An interview with Samba P. Jallow, economist, Gambia.
Gambia which is one of Africa’s smallest countries compared to many of its West Africa neighbors has suffered instability since independence.
Former President Yahya Jammeh who ruled the country with an iron fist after seizing power in a coup in 1994 had no intentions to leave. Notwithstanding, his 22-year rule came to an end in 2016, when he was defeated by the main opposition candidate, Adama Barrow, who is now the president. Mr. Jammeh only left office after the threat of armed intervention by neighboring countries.
However, the political and economic problem has not really seen any light since the new government took over, therefore one will be left with the question of whether the promised made by the new government can be achieved.
In this exclusive interview, Mr. Samba P Jallow a Gambian, an economist and a social media influencer on political issues, gave an insight of the past and present administration and the situation at hand in Gambia.
Adetunji: In general, kindly describe the situation in Gambia, politically and economically as at present?
Jallow: Well, the country has now gradually transformed ideologically and people are now enjoying the benefit of free speech without any cruel reaction, dissenting views or voices are respected and people are free to speak their mind without being arrested, in this regard, there’s hope, that democracy will be nurtured and strengthened.
As for the issue of the country in broad generality, progress is at a snail pace, the economy is yet to reciprocate positively, prices of basic commodities are yet to plummet as promise by the government, the security of the country is fragile, as frequent robberies kept happening, road accidents are widespread and so on, the country’s internal security is very weak so to say.
The president has made pledges in a very assuring tone recently, that reforms in every sphere of governance will be effectuated, and we take his words for it and hope for the best. Now that foreign aid is profoundly flooding, I hope it will do a direct good to which it is intended, for it must be realized, that most of the foreign aids are loans and must be repaid.
In conclusion, the government must speed up and act upon their campaign pledges to make some forward progress, there is a genuine feeling of economic distress, the government must stop the unnecessary spending, focus largely on the economy, stimulate people’s purchasing power for the consumption ability of the people, resuscitate the energy sector, revamp the health and education sectors, help create modalities to mechanize agriculture and create avenues to interest people to go back to the farm.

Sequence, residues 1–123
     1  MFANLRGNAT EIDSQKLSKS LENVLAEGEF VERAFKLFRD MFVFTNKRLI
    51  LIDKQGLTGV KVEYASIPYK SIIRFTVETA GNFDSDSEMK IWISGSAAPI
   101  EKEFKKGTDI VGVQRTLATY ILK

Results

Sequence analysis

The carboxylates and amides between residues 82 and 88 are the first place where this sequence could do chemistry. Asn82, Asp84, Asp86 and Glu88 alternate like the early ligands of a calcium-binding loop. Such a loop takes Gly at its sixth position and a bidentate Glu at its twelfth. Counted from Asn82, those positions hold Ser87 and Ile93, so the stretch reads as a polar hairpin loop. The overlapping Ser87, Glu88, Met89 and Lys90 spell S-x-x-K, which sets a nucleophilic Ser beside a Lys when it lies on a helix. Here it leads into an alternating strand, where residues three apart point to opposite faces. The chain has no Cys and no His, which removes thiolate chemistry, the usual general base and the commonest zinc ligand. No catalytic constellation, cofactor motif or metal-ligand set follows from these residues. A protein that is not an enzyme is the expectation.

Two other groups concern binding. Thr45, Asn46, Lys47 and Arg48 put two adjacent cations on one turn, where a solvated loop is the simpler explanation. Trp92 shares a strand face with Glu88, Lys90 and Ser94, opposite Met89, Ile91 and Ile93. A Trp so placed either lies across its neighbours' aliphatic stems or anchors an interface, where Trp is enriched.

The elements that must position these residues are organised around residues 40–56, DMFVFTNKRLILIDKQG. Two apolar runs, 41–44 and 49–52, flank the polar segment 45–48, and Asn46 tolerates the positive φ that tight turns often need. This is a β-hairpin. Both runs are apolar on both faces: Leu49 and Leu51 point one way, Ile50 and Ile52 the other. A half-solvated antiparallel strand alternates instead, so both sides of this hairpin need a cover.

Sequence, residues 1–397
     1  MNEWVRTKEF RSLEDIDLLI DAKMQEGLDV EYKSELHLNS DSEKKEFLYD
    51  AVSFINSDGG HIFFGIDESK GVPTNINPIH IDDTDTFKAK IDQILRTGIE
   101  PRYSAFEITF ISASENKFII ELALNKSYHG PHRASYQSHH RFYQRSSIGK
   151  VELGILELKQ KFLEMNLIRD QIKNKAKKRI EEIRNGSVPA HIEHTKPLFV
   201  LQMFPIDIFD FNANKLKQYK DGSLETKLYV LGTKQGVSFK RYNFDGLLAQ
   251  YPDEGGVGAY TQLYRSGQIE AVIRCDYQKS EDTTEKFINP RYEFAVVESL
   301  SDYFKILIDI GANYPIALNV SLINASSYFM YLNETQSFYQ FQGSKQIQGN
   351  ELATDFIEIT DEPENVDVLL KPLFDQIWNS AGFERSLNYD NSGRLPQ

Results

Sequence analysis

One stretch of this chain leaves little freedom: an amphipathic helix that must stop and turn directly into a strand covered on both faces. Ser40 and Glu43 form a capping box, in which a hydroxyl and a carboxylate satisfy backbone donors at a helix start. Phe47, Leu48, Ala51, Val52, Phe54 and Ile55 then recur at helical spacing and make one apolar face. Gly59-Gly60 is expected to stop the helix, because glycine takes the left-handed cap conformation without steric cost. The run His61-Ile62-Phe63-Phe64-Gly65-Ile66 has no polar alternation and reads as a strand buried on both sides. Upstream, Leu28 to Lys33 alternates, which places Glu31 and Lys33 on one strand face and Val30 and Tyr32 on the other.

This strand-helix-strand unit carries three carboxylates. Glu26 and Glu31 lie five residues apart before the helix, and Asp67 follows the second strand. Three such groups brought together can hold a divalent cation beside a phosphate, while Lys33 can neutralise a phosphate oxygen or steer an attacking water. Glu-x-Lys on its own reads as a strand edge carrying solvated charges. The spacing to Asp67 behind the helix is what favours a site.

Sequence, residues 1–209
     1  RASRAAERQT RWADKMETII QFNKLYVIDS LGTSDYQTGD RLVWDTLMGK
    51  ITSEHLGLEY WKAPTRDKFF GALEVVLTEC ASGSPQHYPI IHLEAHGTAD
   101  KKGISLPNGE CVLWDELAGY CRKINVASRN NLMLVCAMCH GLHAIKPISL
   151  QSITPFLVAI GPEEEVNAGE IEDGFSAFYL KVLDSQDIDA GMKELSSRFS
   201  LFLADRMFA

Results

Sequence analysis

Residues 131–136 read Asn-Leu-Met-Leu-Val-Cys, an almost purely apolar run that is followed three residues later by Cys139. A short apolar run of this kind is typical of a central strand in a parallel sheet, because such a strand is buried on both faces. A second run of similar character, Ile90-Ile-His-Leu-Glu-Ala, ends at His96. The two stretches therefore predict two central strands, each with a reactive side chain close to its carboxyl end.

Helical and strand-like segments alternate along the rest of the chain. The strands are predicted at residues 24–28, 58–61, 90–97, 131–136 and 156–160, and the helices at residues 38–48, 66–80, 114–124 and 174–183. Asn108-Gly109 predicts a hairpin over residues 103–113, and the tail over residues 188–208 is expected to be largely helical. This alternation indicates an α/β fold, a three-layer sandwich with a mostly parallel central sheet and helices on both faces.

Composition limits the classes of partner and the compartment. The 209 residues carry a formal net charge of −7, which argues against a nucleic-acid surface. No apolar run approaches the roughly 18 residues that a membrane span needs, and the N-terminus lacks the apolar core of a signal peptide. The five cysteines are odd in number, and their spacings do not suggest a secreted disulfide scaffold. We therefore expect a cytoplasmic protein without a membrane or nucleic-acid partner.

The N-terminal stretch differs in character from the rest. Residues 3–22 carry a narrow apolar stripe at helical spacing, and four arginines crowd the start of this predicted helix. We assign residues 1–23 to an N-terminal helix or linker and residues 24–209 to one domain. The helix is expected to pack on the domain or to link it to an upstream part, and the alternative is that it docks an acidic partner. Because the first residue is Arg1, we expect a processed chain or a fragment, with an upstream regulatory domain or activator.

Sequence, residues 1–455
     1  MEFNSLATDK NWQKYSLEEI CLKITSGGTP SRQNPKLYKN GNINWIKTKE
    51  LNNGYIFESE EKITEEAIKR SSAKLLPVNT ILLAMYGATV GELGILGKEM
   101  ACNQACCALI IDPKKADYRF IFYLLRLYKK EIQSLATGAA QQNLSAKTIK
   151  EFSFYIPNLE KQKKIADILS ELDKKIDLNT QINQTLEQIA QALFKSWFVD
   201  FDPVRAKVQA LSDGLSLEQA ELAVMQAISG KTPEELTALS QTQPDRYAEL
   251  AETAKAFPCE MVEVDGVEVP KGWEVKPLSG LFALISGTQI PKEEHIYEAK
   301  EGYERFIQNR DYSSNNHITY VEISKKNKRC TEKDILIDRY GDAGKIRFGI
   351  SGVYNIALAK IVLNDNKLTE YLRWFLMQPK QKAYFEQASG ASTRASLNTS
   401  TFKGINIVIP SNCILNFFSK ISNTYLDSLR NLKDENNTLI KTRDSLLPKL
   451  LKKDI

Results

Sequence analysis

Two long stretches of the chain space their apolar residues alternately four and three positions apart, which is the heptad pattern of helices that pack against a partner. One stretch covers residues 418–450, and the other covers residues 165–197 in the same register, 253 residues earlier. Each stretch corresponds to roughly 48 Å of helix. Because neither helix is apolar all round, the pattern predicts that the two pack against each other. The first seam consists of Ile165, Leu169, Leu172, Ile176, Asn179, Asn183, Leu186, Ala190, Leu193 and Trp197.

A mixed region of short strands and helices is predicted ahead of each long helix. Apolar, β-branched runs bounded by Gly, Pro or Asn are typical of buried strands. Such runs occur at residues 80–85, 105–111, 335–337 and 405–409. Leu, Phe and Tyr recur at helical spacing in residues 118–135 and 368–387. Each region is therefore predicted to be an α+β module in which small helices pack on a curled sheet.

Before Adama Barrow became the president, he promises to bring back home all Gambians abroad but presently a lot of Gambians still travels by road to Europe. Do you think the promise made by the president is achievable and what do you think he must do to realize this dream?
Well, a lot of Gambians are not happy, that some Gambians are been deported from Europe facilitated by this government.
But however, I’ll commend the administration for facilitating those stuck in Libya to be brought back home in their own accord and will, most of them were brutally treated by Libyans in their jails, stepping in to help repatriate them is a welcome humanitarian gesture, for Barrow to achieve his dreams, he must work hard to resuscitate the economy and have jobs available for the youths most especially those backway deportees, this might help to motivate others who are not finding life easy in Europe to return voluntarily.
Conversely, I think Barrow is assuring Gambians abroad of freedom and liberty once they come home, many Gambians abroad were in exile as a result of Jammeh, many haven’t gone back home to see their families for many years, so Barrow is assuring them of that.
How do you think other Gambian youths can be discouraged from joining the ones in Europe or stopped from migrating abroad illegally?
Mass sensitization and the national TV should feature series of documentaries about illegal migration, to get people to realize the dangers associated with it, people who have tried similar route and failed then returned back should be interviewed to get their ordeal heard by the people, this might petrify some people thinking of going, to take a moratorium and think otherwise or change their mind.
The government must scout for solutions to help empower the youths, and provide job opportunities for them, this can help de-escalate such syndrome.
The interview was conducted by Ademola Adetunji, Reutlingen, in July 2017 with Mr. Samba P. Jallow from Gambia, using internet chat.
This text has been abridged and summarized by Mr. Adetunji for the print edition of RT-Journal international.
Translated by Sibylle Höf
Read also the article on our website: “My life in Germany is uncertain but going back to Gambia is not an option”.